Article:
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Jewish Girls Coming of Age in America, 1860-1920 (review)

Jewish Girls Coming of Age in America, 1860-1920 (review) local Jewish mercantile success. The Jewish population in triple-digit communities thus encountered regular reminders that as Jews they remained a people apart, even as they managed to integrate themselves to a considerable extent into the social and civic life of their towns. In sum, this volume is an original, much-needed contribution to the rich literature on the Jewish experience in the United States. It will certainly be a standard reference for anyone interested in how German and eastern European Jews built a way of life out of their own social and cultural capital as they responded to the unique demands and constraints of small town America. Jack Glazier Department of Anthropology Oberlin College Jewish Girls Coming of Age in America, 1860­1920, by Melissa Klapper. New York: New York University Press, 2005. 310 pp. $45.00. What did it mean to be young, female, Jewish, and American during the period between 1860 and 1920? In this carefully researched and well presented book, Melissa Klapper (History, Rowan University) uses an exploration of the daily lives of adolescent Jewish girls as an avenue to address larger questions of gender, ethnicity, religion, and education. Drawing on a wealth of primary sources, many of http://www.deepdyve.com/assets/images/DeepDyve-Logo-lg.png Shofar: An Interdisciplinary Journal of Jewish Studies Purdue University Press

Jewish Girls Coming of Age in America, 1860-1920 (review)

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Publisher
Purdue University Press
Copyright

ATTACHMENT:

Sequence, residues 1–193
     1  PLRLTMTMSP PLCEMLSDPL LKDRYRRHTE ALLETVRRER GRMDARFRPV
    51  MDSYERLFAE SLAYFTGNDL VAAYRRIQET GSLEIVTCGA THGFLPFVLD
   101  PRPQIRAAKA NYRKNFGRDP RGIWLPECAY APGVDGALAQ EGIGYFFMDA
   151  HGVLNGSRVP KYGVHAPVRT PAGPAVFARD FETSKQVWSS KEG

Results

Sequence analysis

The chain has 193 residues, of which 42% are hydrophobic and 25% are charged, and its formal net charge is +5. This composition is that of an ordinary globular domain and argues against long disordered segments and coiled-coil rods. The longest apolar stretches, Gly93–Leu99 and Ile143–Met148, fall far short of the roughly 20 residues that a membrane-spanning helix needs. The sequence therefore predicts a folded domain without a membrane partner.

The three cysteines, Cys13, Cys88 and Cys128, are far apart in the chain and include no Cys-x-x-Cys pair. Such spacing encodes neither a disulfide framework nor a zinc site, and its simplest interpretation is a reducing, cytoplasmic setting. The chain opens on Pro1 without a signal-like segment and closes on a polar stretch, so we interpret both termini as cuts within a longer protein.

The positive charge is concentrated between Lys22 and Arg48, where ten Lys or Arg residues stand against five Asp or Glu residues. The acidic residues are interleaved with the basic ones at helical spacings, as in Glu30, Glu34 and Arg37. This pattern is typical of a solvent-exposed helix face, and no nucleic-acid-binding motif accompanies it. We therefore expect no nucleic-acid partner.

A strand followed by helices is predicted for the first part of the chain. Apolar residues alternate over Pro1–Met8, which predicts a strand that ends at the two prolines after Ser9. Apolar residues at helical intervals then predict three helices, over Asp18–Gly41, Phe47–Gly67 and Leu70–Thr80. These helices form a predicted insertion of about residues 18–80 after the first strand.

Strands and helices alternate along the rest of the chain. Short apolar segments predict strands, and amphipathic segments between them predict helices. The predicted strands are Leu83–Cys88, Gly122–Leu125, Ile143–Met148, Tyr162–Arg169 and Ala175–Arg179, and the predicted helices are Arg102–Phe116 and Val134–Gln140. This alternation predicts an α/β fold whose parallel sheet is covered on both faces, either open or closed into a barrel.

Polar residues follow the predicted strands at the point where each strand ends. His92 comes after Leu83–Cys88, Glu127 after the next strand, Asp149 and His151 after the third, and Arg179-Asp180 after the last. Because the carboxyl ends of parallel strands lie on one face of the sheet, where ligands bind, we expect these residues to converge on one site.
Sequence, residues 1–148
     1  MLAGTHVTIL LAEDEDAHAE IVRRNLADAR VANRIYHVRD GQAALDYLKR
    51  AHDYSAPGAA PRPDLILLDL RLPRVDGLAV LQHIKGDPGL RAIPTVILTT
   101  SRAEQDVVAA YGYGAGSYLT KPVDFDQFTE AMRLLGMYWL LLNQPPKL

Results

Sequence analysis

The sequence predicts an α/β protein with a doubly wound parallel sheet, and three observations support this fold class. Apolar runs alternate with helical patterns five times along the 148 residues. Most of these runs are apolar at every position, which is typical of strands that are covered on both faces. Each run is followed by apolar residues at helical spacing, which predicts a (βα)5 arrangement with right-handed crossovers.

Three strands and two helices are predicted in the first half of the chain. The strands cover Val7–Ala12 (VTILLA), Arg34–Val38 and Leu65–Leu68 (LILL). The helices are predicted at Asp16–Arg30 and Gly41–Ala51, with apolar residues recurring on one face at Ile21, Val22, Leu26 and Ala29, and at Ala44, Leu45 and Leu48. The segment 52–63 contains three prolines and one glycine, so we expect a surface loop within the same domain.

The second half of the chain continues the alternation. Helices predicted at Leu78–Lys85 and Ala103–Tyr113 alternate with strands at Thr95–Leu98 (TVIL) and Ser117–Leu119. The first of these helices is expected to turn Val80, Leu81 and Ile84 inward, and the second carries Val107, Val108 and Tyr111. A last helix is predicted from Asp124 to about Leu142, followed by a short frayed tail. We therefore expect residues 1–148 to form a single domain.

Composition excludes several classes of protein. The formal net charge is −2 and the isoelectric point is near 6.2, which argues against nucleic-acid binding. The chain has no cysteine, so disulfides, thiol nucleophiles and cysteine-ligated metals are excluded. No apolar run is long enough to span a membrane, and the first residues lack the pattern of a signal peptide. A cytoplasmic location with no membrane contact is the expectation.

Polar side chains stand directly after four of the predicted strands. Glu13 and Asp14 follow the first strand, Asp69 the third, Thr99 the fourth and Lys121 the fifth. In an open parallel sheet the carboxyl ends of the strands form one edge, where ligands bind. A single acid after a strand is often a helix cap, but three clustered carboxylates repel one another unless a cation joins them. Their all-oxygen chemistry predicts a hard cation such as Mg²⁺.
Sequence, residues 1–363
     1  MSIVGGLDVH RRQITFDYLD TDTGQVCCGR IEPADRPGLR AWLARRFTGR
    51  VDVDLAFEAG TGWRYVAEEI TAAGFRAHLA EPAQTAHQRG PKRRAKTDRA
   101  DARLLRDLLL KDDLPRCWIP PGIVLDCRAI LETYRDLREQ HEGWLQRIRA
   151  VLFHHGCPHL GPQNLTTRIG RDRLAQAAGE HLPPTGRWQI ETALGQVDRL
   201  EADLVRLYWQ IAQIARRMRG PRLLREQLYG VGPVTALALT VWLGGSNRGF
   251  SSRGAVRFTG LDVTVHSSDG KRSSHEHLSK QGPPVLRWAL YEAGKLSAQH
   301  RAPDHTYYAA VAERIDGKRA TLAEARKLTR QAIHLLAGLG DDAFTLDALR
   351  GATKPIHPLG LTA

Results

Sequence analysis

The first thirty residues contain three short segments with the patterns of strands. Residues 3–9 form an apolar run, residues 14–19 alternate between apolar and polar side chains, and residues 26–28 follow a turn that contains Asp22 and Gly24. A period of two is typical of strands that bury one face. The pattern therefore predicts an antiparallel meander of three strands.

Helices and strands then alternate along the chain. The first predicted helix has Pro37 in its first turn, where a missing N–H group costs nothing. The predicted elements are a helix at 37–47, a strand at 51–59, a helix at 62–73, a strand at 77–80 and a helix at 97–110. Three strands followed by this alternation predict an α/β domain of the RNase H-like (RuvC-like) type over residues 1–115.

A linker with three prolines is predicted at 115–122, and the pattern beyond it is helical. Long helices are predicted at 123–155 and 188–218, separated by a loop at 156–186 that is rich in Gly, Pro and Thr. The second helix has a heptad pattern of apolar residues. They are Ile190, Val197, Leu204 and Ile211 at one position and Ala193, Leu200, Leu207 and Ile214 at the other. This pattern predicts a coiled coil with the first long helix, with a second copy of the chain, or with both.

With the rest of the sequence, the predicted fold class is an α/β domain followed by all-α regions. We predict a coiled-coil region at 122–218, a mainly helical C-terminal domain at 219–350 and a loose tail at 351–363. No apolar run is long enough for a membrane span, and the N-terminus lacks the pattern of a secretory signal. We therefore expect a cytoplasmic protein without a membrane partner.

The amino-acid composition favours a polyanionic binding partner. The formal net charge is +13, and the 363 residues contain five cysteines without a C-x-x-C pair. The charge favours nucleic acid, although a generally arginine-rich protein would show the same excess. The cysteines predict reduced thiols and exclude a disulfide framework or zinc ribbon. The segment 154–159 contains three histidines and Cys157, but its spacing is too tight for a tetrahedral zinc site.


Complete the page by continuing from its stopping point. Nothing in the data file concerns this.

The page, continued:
Copyright © 2006 Purdue University.
ISSN
1534-5165
Publisher site
See Article on Publisher Site

Abstract

local Jewish mercantile success. The Jewish population in triple-digit communities thus encountered regular reminders that as Jews they remained a people apart, even as they managed to integrate themselves to a considerable extent into the social and civic life of their towns. In sum, this volume is an original, much-needed contribution to the rich literature on the Jewish experience in the United States. It will certainly be a standard reference for anyone interested in how German and eastern European Jews built a way of life out of their own social and cultural capital as they responded to the unique demands and constraints of small town America. Jack Glazier Department of Anthropology Oberlin College Jewish Girls Coming of Age in America, 1860­1920, by Melissa Klapper. New York: New York University Press, 2005. 310 pp. $45.00. What did it mean to be young, female, Jewish, and American during the period between 1860 and 1920? In this carefully researched and well presented book, Melissa Klapper (History, Rowan University) uses an exploration of the daily lives of adolescent Jewish girls as an avenue to address larger questions of gender, ethnicity, religion, and education. Drawing on a wealth of primary sources, many of

Journal

Shofar: An Interdisciplinary Journal of Jewish StudiesPurdue University Press

Published: Jul 12, 2006

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